The Force goes inside the Oakland Police Department's struggles to confront federal demands for reform.
Kainat Soomro takes a rape case through Pakistan’s deeply flawed criminal justice system.
Habiba Nosheen is a Pakistani filmmaker and a journalist based in New York. Her radio documentary What Happened at Dos Erres? aired on This American Life and was called "a masterpiece of storytelling" by The New Yorker. Previously, she shot and produced the PBS films Surrogacy: Wombs for Rent? and To Adopt a Child. Nosheen teaches at Columbia University's… Show more Graduate School of Journalism. She is fluent in English, Urdu, Hindi, and Punjabi, with conversational knowledge of French. Born in Lahore, Pakistan she immigrated to Canada with her family at the age of nine. She has reported extensively from South Asia. Nosheen works in print, radio, and television documentaries. Her stories have been published in The New York Times, Time magazine, Glamour, and Washington Post, and on PBS, CBC, BBC, and NPR. Nosheen has received numerous prestigious awards for her reporting including: 2012 Silver Prize for Best Documentary by the Third Coast Festival, the 2012 Gracie award for Outstanding Reporter/Correspondent, a Gemini nomination, the South Asian Journalist Association Award, the Morton Mintz Award for International Reporting, and the Leslie Sanders Award. She was part of the team that won the Best Canadian Feature Award at Hot Docs Canadian International Documentary Festival. She holds a master’s degree from Columbia University's Graduate School of Journalism and a master’s degree from York University in Women's Studies. Show less
Hilke Schellmann is a video journalist for The Wall Street Journal Digital Network and spearheads video coverage as a "one woman band." She has worked as a coordinating producer for National Geographic Television and on documentaries for the American Undercover series on HBO. Schellmann, together with Habiba Nosheen, produced a half-hour special on… Show more surrogacy that aired on the Emmy-award winning show NOW on PBS in September 2009. For this investigative documentary they received a SAJA Award and the Leslie Sander Prize for Social Justice. Schellmann’s work has been appeared in The New York Times, The Wall Street Journal, Glamour, Time magazine, and The Atlantic, as well as on German public television and WYNC. Schellmann is a German native and a former Fulbright fellow. In Germany she worked as a staff producer for the science documentary show Galileo Mystery. She holds a master's degree in cultural theory from Humboldt University (Berlin) and a master's degree in journalism from Columbia University. Show less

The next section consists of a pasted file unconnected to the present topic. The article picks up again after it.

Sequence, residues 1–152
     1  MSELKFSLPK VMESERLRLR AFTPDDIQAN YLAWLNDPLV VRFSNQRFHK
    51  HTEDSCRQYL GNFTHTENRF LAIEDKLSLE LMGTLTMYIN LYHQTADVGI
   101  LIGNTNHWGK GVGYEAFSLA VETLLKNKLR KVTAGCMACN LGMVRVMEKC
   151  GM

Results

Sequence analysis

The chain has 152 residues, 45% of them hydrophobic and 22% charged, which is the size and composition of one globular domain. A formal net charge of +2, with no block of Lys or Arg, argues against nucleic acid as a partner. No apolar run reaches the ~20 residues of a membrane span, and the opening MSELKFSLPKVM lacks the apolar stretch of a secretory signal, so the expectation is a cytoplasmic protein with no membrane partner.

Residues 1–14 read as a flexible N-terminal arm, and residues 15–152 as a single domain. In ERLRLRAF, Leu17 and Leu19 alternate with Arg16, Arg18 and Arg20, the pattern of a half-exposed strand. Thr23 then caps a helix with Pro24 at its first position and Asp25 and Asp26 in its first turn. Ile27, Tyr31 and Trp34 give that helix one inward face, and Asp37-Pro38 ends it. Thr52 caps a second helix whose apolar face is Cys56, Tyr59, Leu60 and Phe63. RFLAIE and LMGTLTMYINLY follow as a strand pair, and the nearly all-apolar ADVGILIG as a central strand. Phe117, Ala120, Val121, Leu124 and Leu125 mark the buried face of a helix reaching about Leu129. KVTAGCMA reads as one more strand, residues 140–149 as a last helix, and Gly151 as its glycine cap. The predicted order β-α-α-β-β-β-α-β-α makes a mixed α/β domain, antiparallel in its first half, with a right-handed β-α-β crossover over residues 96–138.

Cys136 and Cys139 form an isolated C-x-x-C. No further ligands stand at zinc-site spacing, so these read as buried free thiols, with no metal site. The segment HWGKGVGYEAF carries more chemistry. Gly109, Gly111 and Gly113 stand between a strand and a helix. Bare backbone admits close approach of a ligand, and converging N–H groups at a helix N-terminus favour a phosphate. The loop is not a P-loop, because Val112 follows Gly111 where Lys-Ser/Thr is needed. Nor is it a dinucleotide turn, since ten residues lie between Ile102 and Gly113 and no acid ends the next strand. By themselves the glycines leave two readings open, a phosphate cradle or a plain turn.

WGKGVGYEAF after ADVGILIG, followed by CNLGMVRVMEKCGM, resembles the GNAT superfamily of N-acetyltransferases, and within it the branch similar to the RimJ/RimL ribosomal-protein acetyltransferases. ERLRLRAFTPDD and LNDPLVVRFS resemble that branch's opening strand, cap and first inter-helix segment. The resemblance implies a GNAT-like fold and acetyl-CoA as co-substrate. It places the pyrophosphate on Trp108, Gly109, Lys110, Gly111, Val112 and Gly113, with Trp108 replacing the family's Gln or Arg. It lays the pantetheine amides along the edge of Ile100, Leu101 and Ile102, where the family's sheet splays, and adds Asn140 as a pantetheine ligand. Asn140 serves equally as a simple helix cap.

Outlawed in Pakistan tells the story of Kainat Soomro as she takes a rape case through Pakistan’s deeply flawed criminal justice system. The 13-year-old Kainat accuses four men from her village of kidnapping and raping her. Spanning more than five years, the story is told through the perspective of both Kainat and the accused rapists.
Kainat’s confession of the gang rape places her squarely in the public eye in a country where rape victims are routinely treated as dishonorable. Her decision to speak publicly about the alleged rape puts Kainat and her family in grave danger, forcing the teenager to live under police protection for her safety.
As Kainat heads to court, she faces another battle. The police’s limited investigation in the case makes it nearly impossible for her to prove the rape. Yet Kainat vows to keep fighting until the alleged rapists are sentenced to death. Meanwhile, the alleged rapists launch a public campaign against Kainat, calling the teenager a liar. In short time, the situation takes a deadly turn.